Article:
On Friday evening, I received an email blast from Interfaith Worker Justice. It’s an email list I’d been on since 2011 and the protests at the State Capitol in Madison. Back then, I offered Grace’s hospitality to people of faith and somehow, my name was added to Interfaith Worker Justice email list. I’d always meant to unsubscribe because as important as the issues they raise are, my energy, time, and passion are focused in other directions.
On Friday, however, the issue wasn’t the minimum wage but the events at General Theological School that began with the firing of 8 faculty, a decision that was affirmed at the Board of Trustees meeting this past week. As I read the email I felt the shame rising in myself to know that once again the leadership of the Episcopal Church seemed to be acting immorally, unpastorally, and in ways antithetical to the Good News of Jesus Christ. In spite of my shame and embarrassment, I recognized the irony of the appeal to the Presiding Bishop in the petition that the email highlighted. The PB had been on campus in the days after the initial firing of the faculty (taught one of the classes as a “replacement) and is an ex officio board member.
Others, most notably Crusty Old Dean and AKM Adam have laid out the labor issues at stake and the offense that that the Board of Trustees is acting in ways that General Convention has denounced (or would denounce) if it were occurring in corporate America or perhaps in foreign lands. As a former academic myself, and as a former short-term faculty member of an Episcopal seminary, I was always uncomfortable with the effort to view relations between faculties and administrations in light of labor law. I always thought (and still do) that the labor model distorts what ought to be happening in colleges, universities, and seminaries, especially when those institutions claim to be church-related. I know the necessity of it, but I think it diminishes the mission, purpose, and quality of relationships all around.
In fact, what bothers me most about the situation at GTS is not so much the labor issues at stake. It is not even the claim made by many that the actions of the Board of Trustees go against church canons and the gospel (although they seem to). What bothers me most is that this seems to me to be an extension of a trend we have been witnessing for the last decade in the Episcopal Church–the insistence by the leadership to seek recourse to legal remedy, to defend prerogatives and property against every claim, to pursue a scorched-earth policy in protection of the institution, and to offer reconciliation after the trials are over (but while the wounds are still raw).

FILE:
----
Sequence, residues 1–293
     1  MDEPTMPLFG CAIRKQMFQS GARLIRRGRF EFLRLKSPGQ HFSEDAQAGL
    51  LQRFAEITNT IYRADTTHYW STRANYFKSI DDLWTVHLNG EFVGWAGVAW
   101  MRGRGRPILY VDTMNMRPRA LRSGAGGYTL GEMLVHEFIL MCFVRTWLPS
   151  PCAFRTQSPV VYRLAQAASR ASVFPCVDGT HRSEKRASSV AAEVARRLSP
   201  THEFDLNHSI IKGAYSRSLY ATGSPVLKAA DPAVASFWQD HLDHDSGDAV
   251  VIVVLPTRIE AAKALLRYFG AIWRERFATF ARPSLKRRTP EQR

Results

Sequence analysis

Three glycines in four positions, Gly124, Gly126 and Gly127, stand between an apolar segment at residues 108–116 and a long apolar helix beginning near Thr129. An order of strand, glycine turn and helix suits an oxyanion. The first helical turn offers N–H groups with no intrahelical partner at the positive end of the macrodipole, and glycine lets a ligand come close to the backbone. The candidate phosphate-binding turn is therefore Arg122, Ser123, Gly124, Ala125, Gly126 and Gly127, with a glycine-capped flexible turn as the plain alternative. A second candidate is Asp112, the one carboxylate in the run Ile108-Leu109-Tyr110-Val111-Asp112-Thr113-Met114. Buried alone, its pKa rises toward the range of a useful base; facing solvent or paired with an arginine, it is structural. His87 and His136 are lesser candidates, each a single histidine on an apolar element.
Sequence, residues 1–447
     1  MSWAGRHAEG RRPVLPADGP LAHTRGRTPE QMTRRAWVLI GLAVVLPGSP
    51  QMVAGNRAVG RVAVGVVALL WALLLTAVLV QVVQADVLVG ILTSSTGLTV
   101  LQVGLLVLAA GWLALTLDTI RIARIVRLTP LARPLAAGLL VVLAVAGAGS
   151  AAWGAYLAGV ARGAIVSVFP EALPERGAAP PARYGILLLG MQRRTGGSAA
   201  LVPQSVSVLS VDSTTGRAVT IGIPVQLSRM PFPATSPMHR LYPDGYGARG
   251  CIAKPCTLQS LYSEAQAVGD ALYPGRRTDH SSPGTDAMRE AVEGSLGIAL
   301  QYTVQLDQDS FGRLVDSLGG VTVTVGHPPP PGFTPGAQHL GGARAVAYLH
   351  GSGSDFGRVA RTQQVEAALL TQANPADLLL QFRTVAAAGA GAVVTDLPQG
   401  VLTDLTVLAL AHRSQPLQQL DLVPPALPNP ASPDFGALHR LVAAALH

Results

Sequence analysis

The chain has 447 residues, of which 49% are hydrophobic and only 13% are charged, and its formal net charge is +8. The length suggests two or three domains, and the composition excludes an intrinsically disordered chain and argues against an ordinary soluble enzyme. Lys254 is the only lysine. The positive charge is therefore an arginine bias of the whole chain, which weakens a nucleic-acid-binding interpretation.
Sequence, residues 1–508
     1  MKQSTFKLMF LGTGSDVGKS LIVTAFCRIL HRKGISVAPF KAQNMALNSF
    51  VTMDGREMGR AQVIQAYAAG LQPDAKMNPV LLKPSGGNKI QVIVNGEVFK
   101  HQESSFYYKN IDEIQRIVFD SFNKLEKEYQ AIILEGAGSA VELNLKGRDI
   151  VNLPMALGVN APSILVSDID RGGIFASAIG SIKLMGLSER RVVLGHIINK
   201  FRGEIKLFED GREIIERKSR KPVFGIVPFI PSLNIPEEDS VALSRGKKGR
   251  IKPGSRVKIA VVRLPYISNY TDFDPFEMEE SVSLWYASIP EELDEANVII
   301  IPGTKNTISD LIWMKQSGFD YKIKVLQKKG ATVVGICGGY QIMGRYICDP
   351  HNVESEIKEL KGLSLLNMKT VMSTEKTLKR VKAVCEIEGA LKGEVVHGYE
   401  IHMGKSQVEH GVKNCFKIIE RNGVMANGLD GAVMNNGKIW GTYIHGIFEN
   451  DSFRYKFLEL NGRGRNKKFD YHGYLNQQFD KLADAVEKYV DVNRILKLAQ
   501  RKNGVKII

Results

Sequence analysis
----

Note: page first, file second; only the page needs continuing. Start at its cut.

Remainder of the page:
What’s happening at GTS is not unlike what has happened to bishops (remember the PB declaring that the Bishop of South Carolina had abandoned communion?), to dioceses, and now to a seminary. A petition that appeals the Presiding Bishop to take action?
It’s doubly ironic that all this is occurring as we’re still digesting the recent report from the Taskforce on Reimagining the Episcopal Church with its recommendations for a stronger “CEO” as Presiding Bishop, a smaller Executive Council, and contract workers as church-wide staff. We are eyewitnesses to the restructuring of General Theological Seminary with its evisceration of faculty governance and lasting damage to a community of formation. I have advocated strongly for the need to reform the structures of the church, but if what emerges is less shared governance and more centralized power, count me among the resistance.
What I fear most is that over the last decade we have sown the wind, and now we are reaping the whirlwind.
Bishop Dietsche of the Episcopal Diocese of New York (and a member of the GTS Board of Trustees) has issued this statement:
it is my hope that we may yet find a way to work within the structure provided by this resolution to continue to press forward toward that which we still believe must be done, and that is to reinstate the eight faculty in full, and to do that this week.
Bishop Breidenthal (Diocese of Southern Ohio) has also spoken publicly in defense of the fired GTS faculty.